From sometime actor in an obscure Australian television soap to chief executive of a £100m Cheshire-based hospitality empire brimming with innovation and new ideas. That was the truly remarkable career path of Tim Bacon who has died after a long battle with cancer, aged just 52.
After coming to England in 1987 and working as a cocktail mixologist for an American-themed diner, Tim gravitated to Manchester. He changed the landscape of popular dining – not just in the city or the region, but across the nation – when he bought his first bar, J W Johnson’s, with a partner from receivers in 1993.
“Manchester is phenomenal… Just phenomenal (elaborates).” Said Tim Bacon in 2014.
“I came here in 1991… I lived above a club that closed after its opening weekend. It was a really scary time. It’s really matured as a city now and grown up. The weather is a talking point I guess, but you get over that. It keeps the grass green.”
The business, Knutsford-based Living Ventures, now owns and operates more than 40 sites representing many of the best known hospitality brands on the high street – from bustling Italian-style venues like Gusto, cutely imagineered places such as The Oast House, The Botanist, in which the Flowerpot Men would feel at home, to Manchester House, a chic and modern high-end restaurant with Michelin ambitions. Other brands include The Alchemist, Australasia, Grill On The Alley and the Red Door.
“I think staff are the singularly most important thing in any bar or restaurant. It’s all well and good having a lovely space to go into but if you’re met by arseholes or people that don’t care then it doesn’t matter how nice the place is.” – Tim Bacon, 2014.
And in an industry where service is key to success, its 2,500 employees recently rated their company 9th in the Sunday Times’ Top 100 Best Places to Work. “A professional family” once said Tim.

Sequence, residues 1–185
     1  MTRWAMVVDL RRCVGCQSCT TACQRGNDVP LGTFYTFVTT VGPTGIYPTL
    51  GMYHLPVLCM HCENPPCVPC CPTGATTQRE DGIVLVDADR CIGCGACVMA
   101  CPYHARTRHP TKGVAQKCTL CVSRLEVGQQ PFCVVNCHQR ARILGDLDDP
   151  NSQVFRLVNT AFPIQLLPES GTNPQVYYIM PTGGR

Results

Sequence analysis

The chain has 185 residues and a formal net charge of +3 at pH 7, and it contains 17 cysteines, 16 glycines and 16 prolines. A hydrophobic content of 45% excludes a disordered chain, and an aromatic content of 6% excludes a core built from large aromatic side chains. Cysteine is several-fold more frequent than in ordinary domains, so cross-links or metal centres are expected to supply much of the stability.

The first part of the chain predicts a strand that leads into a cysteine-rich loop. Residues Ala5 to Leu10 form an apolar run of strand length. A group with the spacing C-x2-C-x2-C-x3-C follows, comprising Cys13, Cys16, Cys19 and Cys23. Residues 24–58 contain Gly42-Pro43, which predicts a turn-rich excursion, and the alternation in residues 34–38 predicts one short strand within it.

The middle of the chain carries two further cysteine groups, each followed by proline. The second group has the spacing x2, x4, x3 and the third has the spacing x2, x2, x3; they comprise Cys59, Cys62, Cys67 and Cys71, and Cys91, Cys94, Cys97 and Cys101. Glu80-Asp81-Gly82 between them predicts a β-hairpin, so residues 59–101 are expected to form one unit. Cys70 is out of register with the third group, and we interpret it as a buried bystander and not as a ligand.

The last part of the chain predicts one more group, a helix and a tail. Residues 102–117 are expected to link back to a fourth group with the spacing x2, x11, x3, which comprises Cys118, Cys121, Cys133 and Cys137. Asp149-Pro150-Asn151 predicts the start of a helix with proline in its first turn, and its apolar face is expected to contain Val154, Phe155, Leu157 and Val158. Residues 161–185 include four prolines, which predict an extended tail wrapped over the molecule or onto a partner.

It’s a cruel irony that Tim’s precursor in the field of extraordinary culinary innovation, Edwina Lilley, who launched pioneering restaurant chain Est Est Est – also from Knutsford – with her husband Derek in 1988, followed by the Restaurant Bar & Grill and Piccolino brands, also died tragically young.
Mrs Lilley also founded the Restaurant magazine and Fourth Hospitality, an internationally successful software provider for the catering industry. She was just 54 when she passed away in 2012.
Tim Bacon, 140 characters nowhere near enough, never dealt with anyone so honourable, true and faithful to his word vision and values.
— Michael Ingall (@michaelingall) April 30, 2016
Devastated to hear news of Best friend and awesome dad, entrepreneur, #TimBacon one of the greatest men I have had the pleasure of knowing
— Lawrence Jones MBE (@Lawrence_Jones) April 30, 2016
Feeling empty. The legend lives on through everyone you touched. Good night and God bless from all of us. pic.twitter.com/2OM5RorLo8
— aidenbyrne (@aidenbyrne) April 30, 2016
Tony Wilson, Tim Bacon and me. One of many great happy nights .
Hard to believe they have both now gone . RIP pic.twitter.com/8QZosOoPQO
— Tom Bloxham (@TomBloxhamMBE) May 1, 2016
Devasted for all who knew Tim Bacon. As if you knew him you loved him. Brilliant; generous; and no one’s done more for Northern hospitality.
— Thom Hetherington (@ThomHetheringto) April 30, 2016